When was the last time you read about an obscure band and immediately went out and bought the record. It won't happen too often unless you're out there searching for that sort of thing. Most purchases or discoveries happen through recommendations and through the word of mouth of friends. It's quite common that someone will call me up and ask me for new music. Based on the trust we've developed over the years, he or she will thereafter go out and purchase (or download) my recommendation. Once again, because he or she trusts me.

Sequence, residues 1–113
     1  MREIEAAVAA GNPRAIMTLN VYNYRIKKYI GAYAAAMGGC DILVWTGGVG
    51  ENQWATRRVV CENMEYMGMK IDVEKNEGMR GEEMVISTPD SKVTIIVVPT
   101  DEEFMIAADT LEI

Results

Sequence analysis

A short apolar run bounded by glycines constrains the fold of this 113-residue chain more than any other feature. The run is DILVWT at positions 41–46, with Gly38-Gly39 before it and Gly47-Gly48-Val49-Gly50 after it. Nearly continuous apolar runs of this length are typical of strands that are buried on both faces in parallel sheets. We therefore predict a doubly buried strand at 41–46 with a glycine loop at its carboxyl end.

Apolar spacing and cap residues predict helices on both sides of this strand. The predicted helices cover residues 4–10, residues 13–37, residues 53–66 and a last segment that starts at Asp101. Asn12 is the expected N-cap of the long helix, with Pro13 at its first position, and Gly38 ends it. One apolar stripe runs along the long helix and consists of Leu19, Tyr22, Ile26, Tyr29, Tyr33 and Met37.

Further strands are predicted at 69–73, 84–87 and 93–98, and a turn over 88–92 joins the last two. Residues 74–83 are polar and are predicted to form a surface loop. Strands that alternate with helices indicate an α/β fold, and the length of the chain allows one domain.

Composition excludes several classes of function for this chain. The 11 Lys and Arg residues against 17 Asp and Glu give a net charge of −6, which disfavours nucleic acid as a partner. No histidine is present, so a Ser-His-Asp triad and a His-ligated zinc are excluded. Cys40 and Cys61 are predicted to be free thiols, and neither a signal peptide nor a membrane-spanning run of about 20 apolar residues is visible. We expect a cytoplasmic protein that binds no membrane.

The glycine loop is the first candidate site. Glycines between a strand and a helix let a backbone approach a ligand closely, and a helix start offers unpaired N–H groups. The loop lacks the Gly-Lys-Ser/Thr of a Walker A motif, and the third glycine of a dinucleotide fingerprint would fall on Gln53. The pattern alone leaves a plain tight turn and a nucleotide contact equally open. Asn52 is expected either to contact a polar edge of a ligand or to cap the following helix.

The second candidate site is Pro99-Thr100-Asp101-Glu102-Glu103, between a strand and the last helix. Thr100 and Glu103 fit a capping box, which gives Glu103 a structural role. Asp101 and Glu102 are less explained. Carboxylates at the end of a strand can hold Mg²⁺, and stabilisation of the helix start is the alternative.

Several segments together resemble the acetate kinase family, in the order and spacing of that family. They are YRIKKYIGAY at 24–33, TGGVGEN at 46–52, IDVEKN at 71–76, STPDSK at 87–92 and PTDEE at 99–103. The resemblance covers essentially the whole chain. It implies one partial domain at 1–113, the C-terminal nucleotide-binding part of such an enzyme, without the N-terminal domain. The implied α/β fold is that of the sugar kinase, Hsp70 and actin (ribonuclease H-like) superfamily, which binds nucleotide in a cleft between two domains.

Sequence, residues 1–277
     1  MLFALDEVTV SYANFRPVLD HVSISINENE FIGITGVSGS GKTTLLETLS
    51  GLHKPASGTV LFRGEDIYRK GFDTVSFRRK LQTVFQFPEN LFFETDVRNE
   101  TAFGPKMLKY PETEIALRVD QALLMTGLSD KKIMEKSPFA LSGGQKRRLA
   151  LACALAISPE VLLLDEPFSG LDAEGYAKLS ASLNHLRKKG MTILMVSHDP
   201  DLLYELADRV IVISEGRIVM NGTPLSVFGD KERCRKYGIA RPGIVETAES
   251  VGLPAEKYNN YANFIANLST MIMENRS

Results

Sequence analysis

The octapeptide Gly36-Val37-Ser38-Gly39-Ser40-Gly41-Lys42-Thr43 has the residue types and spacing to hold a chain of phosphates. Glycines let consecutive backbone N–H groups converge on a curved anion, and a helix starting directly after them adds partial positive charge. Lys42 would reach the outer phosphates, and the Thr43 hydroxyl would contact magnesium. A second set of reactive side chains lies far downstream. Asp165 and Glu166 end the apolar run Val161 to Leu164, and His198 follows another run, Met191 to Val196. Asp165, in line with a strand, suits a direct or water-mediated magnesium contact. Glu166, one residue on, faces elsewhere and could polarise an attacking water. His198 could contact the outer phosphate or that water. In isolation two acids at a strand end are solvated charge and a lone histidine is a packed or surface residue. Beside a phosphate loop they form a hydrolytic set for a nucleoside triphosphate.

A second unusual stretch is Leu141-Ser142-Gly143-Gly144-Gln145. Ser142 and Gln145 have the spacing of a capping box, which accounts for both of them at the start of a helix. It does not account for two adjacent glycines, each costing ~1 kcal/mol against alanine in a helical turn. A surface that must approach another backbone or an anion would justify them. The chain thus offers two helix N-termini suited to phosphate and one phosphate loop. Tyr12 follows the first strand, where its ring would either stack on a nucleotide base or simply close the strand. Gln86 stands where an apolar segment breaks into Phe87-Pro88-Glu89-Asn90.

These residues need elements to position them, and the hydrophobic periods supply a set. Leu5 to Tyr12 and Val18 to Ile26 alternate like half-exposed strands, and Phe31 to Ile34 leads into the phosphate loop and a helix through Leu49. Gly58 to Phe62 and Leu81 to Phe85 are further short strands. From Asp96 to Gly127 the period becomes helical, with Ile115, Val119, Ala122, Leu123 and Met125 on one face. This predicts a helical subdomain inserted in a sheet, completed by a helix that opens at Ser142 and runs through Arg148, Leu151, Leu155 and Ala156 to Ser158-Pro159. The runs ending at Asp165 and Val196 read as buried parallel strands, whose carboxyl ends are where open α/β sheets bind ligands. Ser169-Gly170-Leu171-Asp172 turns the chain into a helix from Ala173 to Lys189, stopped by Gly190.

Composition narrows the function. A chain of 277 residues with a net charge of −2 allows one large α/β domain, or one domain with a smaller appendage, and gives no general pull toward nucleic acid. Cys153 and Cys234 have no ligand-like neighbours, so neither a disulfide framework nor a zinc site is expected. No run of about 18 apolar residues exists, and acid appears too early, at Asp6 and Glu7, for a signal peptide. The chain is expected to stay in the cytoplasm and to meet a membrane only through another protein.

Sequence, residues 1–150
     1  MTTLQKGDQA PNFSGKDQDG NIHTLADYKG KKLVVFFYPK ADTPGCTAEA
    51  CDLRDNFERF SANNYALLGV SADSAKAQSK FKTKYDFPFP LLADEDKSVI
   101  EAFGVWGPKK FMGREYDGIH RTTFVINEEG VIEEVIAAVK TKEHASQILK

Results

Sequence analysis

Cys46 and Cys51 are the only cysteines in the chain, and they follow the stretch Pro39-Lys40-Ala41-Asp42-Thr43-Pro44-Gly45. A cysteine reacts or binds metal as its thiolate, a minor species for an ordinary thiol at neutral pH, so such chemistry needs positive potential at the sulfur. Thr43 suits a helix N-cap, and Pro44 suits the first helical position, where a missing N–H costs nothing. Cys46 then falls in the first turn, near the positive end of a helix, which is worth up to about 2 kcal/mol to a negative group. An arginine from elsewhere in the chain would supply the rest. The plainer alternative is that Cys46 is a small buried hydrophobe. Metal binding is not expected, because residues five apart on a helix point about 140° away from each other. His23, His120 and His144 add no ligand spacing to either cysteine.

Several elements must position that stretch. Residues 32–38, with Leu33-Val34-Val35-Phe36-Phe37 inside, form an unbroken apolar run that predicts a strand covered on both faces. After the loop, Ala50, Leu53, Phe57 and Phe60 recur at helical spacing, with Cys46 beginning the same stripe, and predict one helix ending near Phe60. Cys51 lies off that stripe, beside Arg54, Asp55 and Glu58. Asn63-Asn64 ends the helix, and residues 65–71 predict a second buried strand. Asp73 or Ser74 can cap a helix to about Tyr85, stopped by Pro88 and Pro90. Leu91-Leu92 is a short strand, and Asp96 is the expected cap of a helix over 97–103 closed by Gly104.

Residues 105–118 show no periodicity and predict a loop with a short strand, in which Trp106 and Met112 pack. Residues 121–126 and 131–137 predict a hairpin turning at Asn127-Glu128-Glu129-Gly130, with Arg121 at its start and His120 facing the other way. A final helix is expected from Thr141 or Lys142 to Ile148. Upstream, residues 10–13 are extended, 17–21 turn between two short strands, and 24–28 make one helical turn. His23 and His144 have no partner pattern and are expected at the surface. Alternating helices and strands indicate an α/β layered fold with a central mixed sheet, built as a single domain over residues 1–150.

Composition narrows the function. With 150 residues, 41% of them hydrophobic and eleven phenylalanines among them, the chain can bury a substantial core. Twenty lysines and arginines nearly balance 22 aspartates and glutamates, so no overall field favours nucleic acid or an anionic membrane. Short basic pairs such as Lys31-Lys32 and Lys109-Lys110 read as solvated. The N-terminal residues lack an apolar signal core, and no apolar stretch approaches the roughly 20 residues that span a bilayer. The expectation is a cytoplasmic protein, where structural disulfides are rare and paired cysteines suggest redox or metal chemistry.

Sasha Frere-Jones, the pop music critic for the New Yorker, is a great example of a music journalist you can trust. But journalists cite his evocative writing so often that it's almost become a cliché. When discussing his method with a friend of mine, we were able to discern why his tone is more effective than the crap that's so overwhelmingly available in abundance. Sasha is a writer foremost. He develops scenes, scents, tastes, looks, colors and he does so sometimes even in-between words. When I sit down to write, I try to emulate his style. He writes like he is there to record pop history, observe and absorb and then share with the masses. While I do have a gripe with Sasha's subjects of choice (how many New Yorker readers are going to buy a Hold Steady album?), he writes like the musicians or band in question is the reason for the article. Frere-Jones doesn't seem to have an ulterior motive. He's there not to boost his name or craft. He is there to recommend a record to you, the reader, because he loves it (I've yet to read a truly negative feature of his in the New Yorker) This is why we trust journalists like him and Jon Pareles and Kelefa Sanneh from the New York Times. They are writers foremost. Not entertainers or clowns.